238. At The Front Door

“Good day.
I’m Riah McKenna.”
They both paused.
He looked her over calmly.
“Why, of course.
I know your name.
We haven’t had occasion yet
To speak, but I believe you came
To our bazaar last Christmas?
I recognize your face.
You have a son–James?
One fine-looking boy.
And you’re–Methodist?
Your pastor, I know well.”
“Yes, sir.
Thank you, Reverend Croslin.”
“Call me Preacher, dear.
My people do.
Puts them at ease, it seems.
Won’t you come in?”

She stepped across the threshhold.
She had never spoken yet
To any man of God, man of the cloth,
At least, not alone–
Maybe saying Happy Easter,
And in her church.
Not in this place.
He led her to his study:
Thick brown drapes.
He seated her,
Then sat behind his desk,
Piled high with volumes–
Riah stared.
“Writing Sunday’s sermon.
The laymen tend to think
It’s my invention, but it
All must be backed up–
My ‘homework,’ here.”
Riah nodded.
“Well! Enough of preachers’ woes.
How can I help?
A cross to bear?”

His manner seemed
Modest, seemed all right. She’d
Thought he’d know the purpose
Of her call.
Riah clutched her purse.
Minding her manners:
“I’m obliged to you, sir,
For your time.”
“Don’t mention it.
I’m sure you’ve ample cause.
You speak right up.”

Her head swam as he
Smiled across the desk.
She squeezed her voice up, out:
This first seemed hardest.
“Sir–Preacher, I’m a friend
Of Louise Kemp.”
The man’s face changed.
She waited for some comment,
But none came.
He’s watching, she thought,
There’s that awful watching
That I hate.
“I heard….I know
She did something bad.”
Riah wished to emphasize this,
But there were no words–
“Real bad.
And then I heard–
I heard you’re going to
Church her. This
Sunday’s, what I heard.”
She halted there. His
Eyes could not be read.
“That’s business of the church,
Mrs. McKenna.
The church will vote, this Sunday,
You’re correct.”

It was true!
And she had not believed it,
Till this minute.
No one had been churched
She could recall.
I should leave, she thought:
I’ve told him nothing,
Just a question.
This preacher here, he
Thinks I’m decent, still.
Well….I’m a decent
Person, same as you!
Bible-fearing, and right-thinking–
He’s looking at me strange.
“Sir, I wonder–
Could you see your way clear
Not to do it.”

He mused on her
While taking in her voice.
He waited.
Then he pulled his glasses off.
Large purple veins, she noticed,
Laced his hands.
“Beg pardon, ma’am?”
He saw her different now.
She dropped her gaze,
And started up again:
“She needs a talking-to. And
She needs punishment, I know.
She did wrong.
Maybe you could have her–
Clean the church.”
His mouth opened,
But no sound.
“To make it, though, where
They won’t talk to her–
Why, as it is,
They hardly chat! And….
She’ll lose her business.
Not that that’s much,
But she doesn’t have
A lot of friends.
Lives out yonder, it’s
A lean-to, all it is–”
She could not go on.
“What will she do?”–
Riah finished lamely.

The preacher joined hands.
He kept his eyes on her,
It seemed an hour.
She heard a clock chime
In the other room.
A fly was bumping, tickling,
At her leg.
She could not speak;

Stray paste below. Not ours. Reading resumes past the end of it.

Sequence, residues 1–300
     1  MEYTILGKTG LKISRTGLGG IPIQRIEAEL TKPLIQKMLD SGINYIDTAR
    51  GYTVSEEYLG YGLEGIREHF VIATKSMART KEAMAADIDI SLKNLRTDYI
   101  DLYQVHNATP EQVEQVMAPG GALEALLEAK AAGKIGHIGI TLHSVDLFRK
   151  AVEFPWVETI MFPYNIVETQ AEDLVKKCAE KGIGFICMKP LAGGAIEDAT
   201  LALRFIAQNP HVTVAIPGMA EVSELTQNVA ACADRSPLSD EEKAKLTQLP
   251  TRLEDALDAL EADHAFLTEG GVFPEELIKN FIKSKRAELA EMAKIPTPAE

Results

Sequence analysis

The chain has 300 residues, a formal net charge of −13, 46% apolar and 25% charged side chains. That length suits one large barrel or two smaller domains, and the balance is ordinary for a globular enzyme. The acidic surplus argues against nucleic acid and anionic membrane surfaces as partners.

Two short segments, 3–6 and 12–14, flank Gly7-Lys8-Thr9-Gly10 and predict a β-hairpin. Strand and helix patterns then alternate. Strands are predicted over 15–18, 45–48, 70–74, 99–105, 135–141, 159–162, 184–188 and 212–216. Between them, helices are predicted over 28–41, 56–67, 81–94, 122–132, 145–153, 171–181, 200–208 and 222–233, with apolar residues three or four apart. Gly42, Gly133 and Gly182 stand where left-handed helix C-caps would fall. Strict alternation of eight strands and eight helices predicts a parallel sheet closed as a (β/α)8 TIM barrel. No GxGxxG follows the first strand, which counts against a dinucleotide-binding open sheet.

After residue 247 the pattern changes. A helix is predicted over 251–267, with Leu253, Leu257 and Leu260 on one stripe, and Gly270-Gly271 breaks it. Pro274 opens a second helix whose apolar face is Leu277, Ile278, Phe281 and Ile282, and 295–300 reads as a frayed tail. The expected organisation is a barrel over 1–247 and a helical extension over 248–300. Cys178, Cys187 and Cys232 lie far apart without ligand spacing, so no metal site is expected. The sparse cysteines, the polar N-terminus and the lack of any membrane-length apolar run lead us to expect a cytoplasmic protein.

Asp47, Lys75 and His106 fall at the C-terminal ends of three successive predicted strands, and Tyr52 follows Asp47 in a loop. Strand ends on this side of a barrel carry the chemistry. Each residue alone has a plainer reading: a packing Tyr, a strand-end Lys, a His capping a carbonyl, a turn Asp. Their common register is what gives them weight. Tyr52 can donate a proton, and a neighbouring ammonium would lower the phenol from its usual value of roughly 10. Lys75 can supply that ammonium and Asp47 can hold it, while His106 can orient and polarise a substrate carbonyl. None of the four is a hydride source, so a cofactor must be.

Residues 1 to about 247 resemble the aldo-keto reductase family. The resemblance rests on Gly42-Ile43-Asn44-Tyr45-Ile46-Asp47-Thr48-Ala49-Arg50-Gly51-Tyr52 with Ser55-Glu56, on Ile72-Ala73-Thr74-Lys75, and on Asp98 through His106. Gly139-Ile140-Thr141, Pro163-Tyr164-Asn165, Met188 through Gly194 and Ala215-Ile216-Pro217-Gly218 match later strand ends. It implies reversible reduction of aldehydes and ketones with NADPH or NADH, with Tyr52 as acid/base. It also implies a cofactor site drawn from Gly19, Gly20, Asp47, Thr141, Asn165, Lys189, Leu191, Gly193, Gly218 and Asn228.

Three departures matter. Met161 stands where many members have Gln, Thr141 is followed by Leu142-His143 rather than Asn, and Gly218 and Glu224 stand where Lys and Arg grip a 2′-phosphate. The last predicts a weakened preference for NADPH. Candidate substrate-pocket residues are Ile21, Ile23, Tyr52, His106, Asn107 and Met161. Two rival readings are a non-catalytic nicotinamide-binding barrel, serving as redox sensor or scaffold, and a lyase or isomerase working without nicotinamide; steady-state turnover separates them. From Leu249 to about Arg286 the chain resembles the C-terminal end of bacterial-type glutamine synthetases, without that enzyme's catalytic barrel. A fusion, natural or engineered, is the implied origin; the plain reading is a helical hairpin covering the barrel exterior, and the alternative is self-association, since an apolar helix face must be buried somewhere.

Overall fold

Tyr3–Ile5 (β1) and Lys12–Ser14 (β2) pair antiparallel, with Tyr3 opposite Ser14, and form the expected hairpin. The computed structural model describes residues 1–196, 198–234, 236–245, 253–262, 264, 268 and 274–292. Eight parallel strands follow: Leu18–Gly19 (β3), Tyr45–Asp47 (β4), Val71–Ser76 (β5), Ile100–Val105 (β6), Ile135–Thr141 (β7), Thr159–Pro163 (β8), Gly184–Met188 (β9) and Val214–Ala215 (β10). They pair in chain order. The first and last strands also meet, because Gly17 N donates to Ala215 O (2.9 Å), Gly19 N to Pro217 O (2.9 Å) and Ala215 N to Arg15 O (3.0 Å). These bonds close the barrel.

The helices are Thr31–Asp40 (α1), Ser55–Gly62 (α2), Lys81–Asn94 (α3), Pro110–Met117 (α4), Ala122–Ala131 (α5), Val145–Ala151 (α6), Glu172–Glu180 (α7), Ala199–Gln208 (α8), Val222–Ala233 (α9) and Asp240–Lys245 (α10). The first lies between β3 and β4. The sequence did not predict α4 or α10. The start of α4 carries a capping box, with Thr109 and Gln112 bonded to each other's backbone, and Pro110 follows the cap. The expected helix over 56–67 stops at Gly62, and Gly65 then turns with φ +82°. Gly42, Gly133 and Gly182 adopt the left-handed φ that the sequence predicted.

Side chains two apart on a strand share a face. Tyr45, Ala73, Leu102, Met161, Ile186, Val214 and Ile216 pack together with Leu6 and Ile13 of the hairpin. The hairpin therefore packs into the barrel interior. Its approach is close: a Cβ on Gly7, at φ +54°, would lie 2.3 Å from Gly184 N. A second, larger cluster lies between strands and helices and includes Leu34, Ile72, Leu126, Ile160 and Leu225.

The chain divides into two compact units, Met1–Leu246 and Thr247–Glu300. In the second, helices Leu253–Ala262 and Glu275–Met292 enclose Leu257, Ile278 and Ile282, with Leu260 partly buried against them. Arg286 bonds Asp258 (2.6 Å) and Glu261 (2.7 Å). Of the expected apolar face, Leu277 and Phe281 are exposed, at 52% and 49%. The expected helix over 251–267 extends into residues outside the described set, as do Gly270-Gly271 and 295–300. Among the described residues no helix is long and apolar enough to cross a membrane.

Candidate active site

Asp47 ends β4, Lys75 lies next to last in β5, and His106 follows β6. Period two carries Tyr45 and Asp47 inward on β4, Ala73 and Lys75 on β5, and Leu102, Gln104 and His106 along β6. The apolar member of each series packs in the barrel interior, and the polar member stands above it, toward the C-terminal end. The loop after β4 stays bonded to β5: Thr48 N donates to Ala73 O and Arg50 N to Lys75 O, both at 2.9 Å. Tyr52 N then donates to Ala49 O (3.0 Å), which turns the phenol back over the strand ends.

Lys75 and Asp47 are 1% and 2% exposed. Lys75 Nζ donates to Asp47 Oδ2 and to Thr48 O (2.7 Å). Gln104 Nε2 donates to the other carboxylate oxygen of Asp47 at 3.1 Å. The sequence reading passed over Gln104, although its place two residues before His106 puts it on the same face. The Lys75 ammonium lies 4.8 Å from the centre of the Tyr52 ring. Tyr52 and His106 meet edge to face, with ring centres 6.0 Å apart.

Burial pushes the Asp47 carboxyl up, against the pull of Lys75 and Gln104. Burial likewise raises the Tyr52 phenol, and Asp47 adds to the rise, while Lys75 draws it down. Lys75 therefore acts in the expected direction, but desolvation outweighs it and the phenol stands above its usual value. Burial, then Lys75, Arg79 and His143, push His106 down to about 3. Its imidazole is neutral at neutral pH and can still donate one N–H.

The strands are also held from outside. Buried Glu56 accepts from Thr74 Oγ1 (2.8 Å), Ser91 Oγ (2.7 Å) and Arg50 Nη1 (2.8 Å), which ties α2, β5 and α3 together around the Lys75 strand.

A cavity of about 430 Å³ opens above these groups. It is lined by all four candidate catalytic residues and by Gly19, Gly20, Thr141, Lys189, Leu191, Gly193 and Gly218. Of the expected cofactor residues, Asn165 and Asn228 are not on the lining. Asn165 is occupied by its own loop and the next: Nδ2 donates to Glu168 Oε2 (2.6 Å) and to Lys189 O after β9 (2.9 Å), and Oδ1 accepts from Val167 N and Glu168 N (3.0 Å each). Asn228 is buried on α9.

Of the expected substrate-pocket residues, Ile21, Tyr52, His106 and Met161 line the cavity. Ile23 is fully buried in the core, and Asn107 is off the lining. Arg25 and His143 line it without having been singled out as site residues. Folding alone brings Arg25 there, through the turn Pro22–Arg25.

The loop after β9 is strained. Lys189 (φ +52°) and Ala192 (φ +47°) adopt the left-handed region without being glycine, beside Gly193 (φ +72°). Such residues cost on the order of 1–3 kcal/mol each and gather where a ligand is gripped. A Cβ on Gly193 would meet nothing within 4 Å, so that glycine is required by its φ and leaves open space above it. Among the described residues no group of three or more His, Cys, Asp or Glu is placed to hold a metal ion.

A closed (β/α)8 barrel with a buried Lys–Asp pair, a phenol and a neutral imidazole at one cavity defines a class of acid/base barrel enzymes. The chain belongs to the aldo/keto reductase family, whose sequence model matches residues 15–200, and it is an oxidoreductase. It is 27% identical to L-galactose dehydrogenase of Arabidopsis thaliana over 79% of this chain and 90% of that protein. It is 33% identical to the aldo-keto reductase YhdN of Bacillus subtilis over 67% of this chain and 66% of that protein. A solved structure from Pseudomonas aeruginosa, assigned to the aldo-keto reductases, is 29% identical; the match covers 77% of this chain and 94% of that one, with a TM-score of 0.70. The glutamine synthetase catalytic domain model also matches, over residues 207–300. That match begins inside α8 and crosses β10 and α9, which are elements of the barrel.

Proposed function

She would not rise to leave.
At last he picked a speck
Off of his glasses,
And replaced them.
His tone, not cold, was firm.
“Mrs. McKenna.
Do you know your Bible?”
Riah’s hands were white.
She shook her head.
She whispered: “No.”

He leaned forward.
“Please stop me if I shock you.
My dear,
Fornication is a sin.
Adultery is a sin.
Breaking marriage vows,
And tempting someone else
To break his, too,
That’s twice a sin, twice
Deadly. Now.
Do you believe that God
Wants sinners punished?
Riah answered: “Yes.”

He moved his brows as if
He were perplexed.
“So–punishment should not be
Strict, you think?
Mrs.–may I call you Riah?”
“Yes. Please do.”
“Tell me, Riah, have you ever
Spanked your son?”
She gripped her hands, and twisted.
“Yes, I have.”
“If he runs in the road,
You’d do it then?”
“That hurts him, does it now?”
“Yes. It does.”
“But you believe pain is worth it,
In the end?”
He smiled, as if she’d
Answered her own question.
“What about eternal life then
And its worth?
She’ll be churched, yes–
For the greater good.
Both hers, and ours.
Folks must be kept away
From those who sin.
Sin leads to sin–
You believe that?”
“Yes. I do.”
This punishment will help her
Mend her ways.”

“You’ll never take it
Back, though!” Riah broke in.
“Things will never be
The same.”
“Riah! Dear, the woman is
Diseased! She
Must be quarantined!
Mind, and body–
Wild, out of control!
Shall I quote Scripture
On the unclean woman, on the–
Riah flinched.
“Need I do it?
God is very clear.”

At this she frowned.
“He is?”
The preacher gaped,
Amazed. “Most absolutely.
Right and wrong, as
Plain as black and white.”
“But–what about the story
Of the stones? Those people
Chunking?” She had
Thought of this all night.
He tilted his head oddly.
“Jesus and–the whore,”
Surprised, she spoke the word.

He pushed himself up, standing.
“In a case of good and evil,
Men must judge!
God acts through us.
Do you challenge Him?
The gentleman, a pillar
Of his church, has gone to them
And made a generous amends.
She has not. God wills this–
Do you challenge Him?”
Riah said, “No.”
She admitted it–
He made sense, no escape. But…
Shuddering, she asked:
“You prayed on this?”
His eyes froze her blood.
“Madam, you forget yourself.
I surely did.
I did this day.”
Grim with thought,
She tried a final question:
“And He told you–church her?”
Seconds passed.
“I heard it plain.”

Riah stood to go.
He’s right, he’s right.
She turned away:
“I’m sorry.”

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